Eugenicists did not restrict their efforts solely to research. Many were actively interested or engaged in various educational and political activities. Many wrote popular articles or gave public lectures, and there were eugenics societies in most major industrialized countries. There were several major international eugenics organizations, and three international congresses (in 1912 in London, 1921 and 1932 in New York). On the political front, eugenicists lobbied successfully in Britain for the Mental Deficiency Act (1913) and in the United States for immigration restriction based on eugenic claims and for passage of compulsory eugenic sterilization laws in over thirty states. Eugenical sterilization became a major international eugenics crusade, including in Canada, Germany, and the Scandinavian countries. It is ironic that Germany was one of the last countries to adopt eugenical sterilization—only after the Nazis came to power in 1933. By that time the United States was leading the world in the total number of eugenically based compulsory sterilizations (somewhere around thirty thousand). Germany ultimately sterilized over ten times that number before sterilization evolved into euthanasia. In all cases, however, one of the main (though not the only) argument for sterilization was to prevent the individual from passing on his or her defective genes to the next generation. (Other frequently cited reasons included the claim that, especially in the case of those with mental defects, even if the child were normal the parent would not be fit to raise him or her). In most countries, but especially in the United States and Germany, the rationale for sterilization (as opposed to segregation) was economic and social efficiency. It was argued that states (and countries) were spending millions of dollars a year to house defectives who "should never have been born." The rational and efficient procedure would be to sterilize the adult defective and, where possible, return him or her to society, or at least, if they remained incarcerated, to be sure reproduction was impossible. In Germany genetically defective or other nonproductive people were referred to as "useless eaters."
The ethical as well as legal dimensions of compulsory sterilization raised many questions both at the time and in subsequent years. The eugenical sterilization laws in countries other than Germany were aimed exclusively at institutionalized persons, including the mentally ill, paupers, criminals, and the mentally defective (in other words, those who were called "feebleminded" at the time). This group often represented the poorest and most vulnerable elements of society, those least able to defend themselves. All countries' sterilization laws specified some sort of due process by which the sterilization decision was made, allowed for a family member or someone else to appear on behalf of the patient, and had some provisions for appeal. In most cases that have been studied historically, however, it appears that the proceedings of such courts or due process committees were often perfunctory. Particularly vulnerable for sterilization were children brought up for sterilization in reformatories, as they entered puberty. In some cases sterilization was a condition for being released; in others as a condition for remaining in the institution (a particularly powerful threat for families unable or unwilling to deal with a retarded or recalcitrant child at home).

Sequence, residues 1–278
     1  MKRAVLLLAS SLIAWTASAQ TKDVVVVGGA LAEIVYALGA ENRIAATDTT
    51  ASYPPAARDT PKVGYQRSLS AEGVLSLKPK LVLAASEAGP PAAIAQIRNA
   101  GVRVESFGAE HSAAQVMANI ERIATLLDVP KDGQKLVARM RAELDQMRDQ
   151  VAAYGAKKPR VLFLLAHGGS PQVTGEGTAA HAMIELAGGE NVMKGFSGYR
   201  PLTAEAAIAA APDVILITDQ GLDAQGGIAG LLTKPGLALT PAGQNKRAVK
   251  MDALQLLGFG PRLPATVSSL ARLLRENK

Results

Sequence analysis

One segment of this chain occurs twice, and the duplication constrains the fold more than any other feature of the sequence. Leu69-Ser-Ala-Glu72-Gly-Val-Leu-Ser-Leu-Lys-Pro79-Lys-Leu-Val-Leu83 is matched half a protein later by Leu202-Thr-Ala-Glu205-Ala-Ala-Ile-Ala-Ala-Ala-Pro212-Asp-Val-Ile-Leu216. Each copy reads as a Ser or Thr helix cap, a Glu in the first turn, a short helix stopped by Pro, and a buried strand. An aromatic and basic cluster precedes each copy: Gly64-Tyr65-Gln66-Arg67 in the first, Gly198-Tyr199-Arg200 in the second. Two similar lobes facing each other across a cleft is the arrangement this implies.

The ethical problems encountered with sterilization involve both biological and moral claims. On the biological side, the evidence that many of the traits for which people were sterilized (feeblemindedness, pauperism, criminality, sexual promiscuity, aggression) had a genetic basis was circumstantial at best, nonexistent at worst. Since the methods for determining human heredity could not effectively separate out genetic from environmental effects, the claims that individuals who came from families with various defects would automatically "pass on" these traits was biologically unsound. The moral questions that arose revolved around whether sterilization was a "cruel and unusual punishment," whether tampering with reproductive capacity involved the state superseding its proscribed powers, whether the state should decide who is "defective" or not, and whether having a child was a "right" (more or less the traditional view) or a "privilege" (the eugenical view). Religious groups, especially the Catholic Church, were among the strongest critics of eugenics, especially on the sterilization issue. In 1930 a papal encyclical, "Casti connubii," specifically targeted eugenical sterilization as violating Catholic doctrine. After Nuremberg, the issue became even more clear with regard to the state's right to determine who should and who should not be parents. The line has remained a fuzzy one, however, since it is generally accepted that the state has the right to regulate matters of public health: on the grounds that reproducing defective offspring constituted a public health hazard, it was argued that eugenic sterilization fell under a public health aegis. In setting out the majority opinion in the well-known 1927 Supreme Court case of Buck v. Bell, which tested the constitutionality of Virginia's eugenical sterilization law, Chief Justice Oliver Wendell Holmes argued that compulsory sterilization of genetically defective individuals could be justified by the same public health principle that required compulsory vaccination. Eugenics stood for the right of the community to safeguard itself against certain wasteful expenditures over the automatic right of the individual to bring children into the world.